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Thursday, May 23, 2024

They were promised jobs in Russia. They ended up fighting in Ukraine.

WorldThey were promised jobs in Russia. They ended up fighting in Ukraine.


India’s Central Bureau of Investigation said last month that it was aware of at least 35 Indian nationals who had been trained for combat and sent to fight in Ukraine against their will after being recruited for jobs in Russia through agents or social media. Some of them have been “grievously injured,” the agency said.

The agency said it had arrested 35 people on suspicion of being involved in human trafficking, and that it had seized about 50 million rupees ($600,000) in cash as well as incriminating documents and electronic records in searches around the country. 

The Indian Ministry of External Affairs said officials were doing their best to get the men home as soon as possible.

“We have also told people not to venture in the war zone or get caught into situations which are difficult,” ministry spokesperson Randhir Jaiswal said, adding that India was in regular touch with Russian authorities in New Delhi and Moscow and was deeply committed to the “welfare of all Indians.”

India has ties with both Russia and the West and has tried to remain neutral in the Ukraine war, calling for peace talks while refraining from condemning President Vladimir Putin’s invasion. It has also increased purchases of Russian oil that is steeply discounted amid Western sanctions.

Sajad Ahmad Kumar said his brother and others are now in Russian-occupied Ukraine after crossing the Black Sea under the command of two officers from the Russian army.

“Things have eased a bit for them,” he said. “He used to call from someone’s phone but now he has got his own connection.” 

He said Kumar and several other Indians had approached their embassy in Moscow for help getting home but that officials there “are not taking things seriously.”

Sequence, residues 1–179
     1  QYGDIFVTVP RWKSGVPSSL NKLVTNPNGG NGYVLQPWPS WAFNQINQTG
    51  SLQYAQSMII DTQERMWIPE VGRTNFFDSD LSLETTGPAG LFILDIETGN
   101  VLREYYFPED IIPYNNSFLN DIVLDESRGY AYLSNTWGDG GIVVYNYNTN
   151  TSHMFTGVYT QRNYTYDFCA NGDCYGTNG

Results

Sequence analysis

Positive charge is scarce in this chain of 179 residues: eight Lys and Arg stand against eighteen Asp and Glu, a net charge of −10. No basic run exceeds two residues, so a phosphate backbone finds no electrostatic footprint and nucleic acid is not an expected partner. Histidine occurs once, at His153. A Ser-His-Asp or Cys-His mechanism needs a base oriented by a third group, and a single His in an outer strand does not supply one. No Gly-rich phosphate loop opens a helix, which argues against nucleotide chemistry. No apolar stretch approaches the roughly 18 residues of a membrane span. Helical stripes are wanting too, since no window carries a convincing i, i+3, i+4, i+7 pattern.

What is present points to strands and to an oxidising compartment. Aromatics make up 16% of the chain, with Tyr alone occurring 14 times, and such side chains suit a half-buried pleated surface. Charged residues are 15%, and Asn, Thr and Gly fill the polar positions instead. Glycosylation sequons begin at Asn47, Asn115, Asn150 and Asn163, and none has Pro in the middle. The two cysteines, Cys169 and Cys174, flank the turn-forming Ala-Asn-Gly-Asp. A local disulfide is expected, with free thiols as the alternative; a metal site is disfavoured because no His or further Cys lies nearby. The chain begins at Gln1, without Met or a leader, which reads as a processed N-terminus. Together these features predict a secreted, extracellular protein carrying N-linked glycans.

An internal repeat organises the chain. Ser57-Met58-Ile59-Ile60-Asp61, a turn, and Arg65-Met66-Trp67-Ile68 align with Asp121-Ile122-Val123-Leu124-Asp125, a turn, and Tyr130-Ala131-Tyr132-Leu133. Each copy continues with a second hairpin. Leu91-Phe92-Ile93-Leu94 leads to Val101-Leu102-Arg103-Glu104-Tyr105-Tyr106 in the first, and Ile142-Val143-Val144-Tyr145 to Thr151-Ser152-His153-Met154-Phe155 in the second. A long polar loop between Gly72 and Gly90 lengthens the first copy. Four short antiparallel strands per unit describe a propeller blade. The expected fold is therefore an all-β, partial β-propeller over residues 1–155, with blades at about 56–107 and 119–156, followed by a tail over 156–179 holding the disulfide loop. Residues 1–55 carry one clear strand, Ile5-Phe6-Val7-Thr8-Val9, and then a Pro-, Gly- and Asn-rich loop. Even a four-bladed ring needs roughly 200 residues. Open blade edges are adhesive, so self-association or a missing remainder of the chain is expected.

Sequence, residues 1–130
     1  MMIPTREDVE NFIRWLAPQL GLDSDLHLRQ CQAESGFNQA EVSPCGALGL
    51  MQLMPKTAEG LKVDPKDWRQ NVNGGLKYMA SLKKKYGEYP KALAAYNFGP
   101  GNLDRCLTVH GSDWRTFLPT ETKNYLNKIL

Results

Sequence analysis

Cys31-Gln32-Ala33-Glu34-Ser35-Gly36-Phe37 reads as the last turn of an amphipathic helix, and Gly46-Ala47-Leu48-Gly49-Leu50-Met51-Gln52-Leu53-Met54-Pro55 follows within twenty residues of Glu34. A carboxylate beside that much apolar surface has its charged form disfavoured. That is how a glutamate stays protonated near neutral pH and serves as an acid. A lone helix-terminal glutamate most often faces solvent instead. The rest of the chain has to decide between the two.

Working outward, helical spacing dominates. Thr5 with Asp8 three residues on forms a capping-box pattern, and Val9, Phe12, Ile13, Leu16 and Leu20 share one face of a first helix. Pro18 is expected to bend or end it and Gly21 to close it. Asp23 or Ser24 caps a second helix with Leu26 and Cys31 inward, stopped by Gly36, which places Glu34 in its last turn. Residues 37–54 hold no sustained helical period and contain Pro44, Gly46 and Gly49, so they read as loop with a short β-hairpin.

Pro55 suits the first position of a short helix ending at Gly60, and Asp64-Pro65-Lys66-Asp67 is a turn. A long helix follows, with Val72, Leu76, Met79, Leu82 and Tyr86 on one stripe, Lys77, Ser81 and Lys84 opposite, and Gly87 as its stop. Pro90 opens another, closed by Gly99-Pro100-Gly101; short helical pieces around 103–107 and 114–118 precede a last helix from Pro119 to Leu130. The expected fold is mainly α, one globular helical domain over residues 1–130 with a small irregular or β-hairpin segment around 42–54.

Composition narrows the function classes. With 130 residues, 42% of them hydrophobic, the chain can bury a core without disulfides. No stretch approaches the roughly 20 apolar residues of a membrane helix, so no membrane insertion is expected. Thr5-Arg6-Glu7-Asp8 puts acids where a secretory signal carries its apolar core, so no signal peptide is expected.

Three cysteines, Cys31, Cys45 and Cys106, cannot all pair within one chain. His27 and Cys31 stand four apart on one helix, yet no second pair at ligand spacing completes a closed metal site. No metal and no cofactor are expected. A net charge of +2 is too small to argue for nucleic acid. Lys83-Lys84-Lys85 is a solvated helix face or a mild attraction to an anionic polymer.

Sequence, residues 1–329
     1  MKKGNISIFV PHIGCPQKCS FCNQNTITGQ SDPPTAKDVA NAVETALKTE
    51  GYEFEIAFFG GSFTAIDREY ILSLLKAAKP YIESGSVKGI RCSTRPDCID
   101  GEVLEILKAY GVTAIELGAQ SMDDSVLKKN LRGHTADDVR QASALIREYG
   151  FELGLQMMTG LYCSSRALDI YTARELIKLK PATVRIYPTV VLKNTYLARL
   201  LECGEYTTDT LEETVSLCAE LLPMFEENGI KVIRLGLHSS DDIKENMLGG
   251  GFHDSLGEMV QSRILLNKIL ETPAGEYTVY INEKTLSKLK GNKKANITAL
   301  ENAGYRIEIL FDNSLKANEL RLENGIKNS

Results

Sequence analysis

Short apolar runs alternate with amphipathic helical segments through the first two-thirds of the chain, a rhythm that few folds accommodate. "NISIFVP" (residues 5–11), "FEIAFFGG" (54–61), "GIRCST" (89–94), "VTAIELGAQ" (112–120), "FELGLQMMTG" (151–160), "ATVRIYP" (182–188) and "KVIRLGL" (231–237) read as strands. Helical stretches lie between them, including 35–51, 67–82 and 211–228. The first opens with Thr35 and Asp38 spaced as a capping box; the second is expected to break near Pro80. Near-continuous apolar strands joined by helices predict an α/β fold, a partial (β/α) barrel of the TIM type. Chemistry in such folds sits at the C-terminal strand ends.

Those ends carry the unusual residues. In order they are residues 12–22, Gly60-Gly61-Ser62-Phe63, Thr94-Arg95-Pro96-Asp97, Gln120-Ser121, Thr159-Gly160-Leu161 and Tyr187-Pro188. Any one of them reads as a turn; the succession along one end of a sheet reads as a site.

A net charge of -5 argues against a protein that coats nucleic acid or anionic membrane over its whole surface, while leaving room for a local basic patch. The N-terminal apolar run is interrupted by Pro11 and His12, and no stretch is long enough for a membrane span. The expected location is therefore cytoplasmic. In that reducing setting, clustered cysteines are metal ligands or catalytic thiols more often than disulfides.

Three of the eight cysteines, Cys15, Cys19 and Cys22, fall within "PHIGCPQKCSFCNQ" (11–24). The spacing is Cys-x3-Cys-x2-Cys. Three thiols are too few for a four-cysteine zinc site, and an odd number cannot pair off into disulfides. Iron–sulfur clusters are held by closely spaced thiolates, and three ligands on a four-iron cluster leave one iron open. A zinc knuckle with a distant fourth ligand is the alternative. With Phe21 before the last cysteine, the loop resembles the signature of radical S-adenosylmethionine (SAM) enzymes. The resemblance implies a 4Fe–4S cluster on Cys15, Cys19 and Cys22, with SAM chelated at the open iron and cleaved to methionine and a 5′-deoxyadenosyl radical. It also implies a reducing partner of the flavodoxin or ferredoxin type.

The Indian Embassy in Moscow did not respond to requests for comment.

At least two Indian citizens have been killed while fighting alongside the Russian army on the Russia-Ukraine border. They were identified last month as Hemil Ashvinbhai Mangukiya and Mohammad Asfan, from the states of Gujarat and Telangana.

Mangukiya’s father, Ashvinbhai Mangukiya, said his son had been hired as a helper for the Russian army.

“He was supposed to be stationed at Moscow, but he was forced to participate in the ongoing war between the two nations,” he said. 

Mangukiya went to Russia to collect his son’s body after he was killed in the Donetsk region in February. Like others, he has filed cases with the police against Khan and others associated with Baba Vlogs.

“Baba Vlogs is running a nexus,” he said. “The government should take cognizance and arrest all individuals involved in this criminal activity.”

Abdul Rouf, whose son Abdul Nayeem left for Russia in December, said he had spoken to Khan and others at Baba Vlogs when Nayeem, 30, told him they had gotten him a similar job as an army helper in Russia when he approached them in Dubai.

“The job agent assured me that he will not be handed a gun to fight in Ukraine or anywhere else,” said Rouf, a resident of Gulbarga city in the Indian state of Karnataka. His son has since told him that he is in Ukraine, and Rouf is planning to travel to Russia to try to help him.

Mohammad Mustafa, another Karnataka resident whose son is stranded in Russian-occupied Ukraine, said he was tired of waiting for news and was going to Russia himself.

“We can go to any extent to retrieve our children,” he said. 

“Two Indian citizens have already been killed and we don’t want to lose any other person.”



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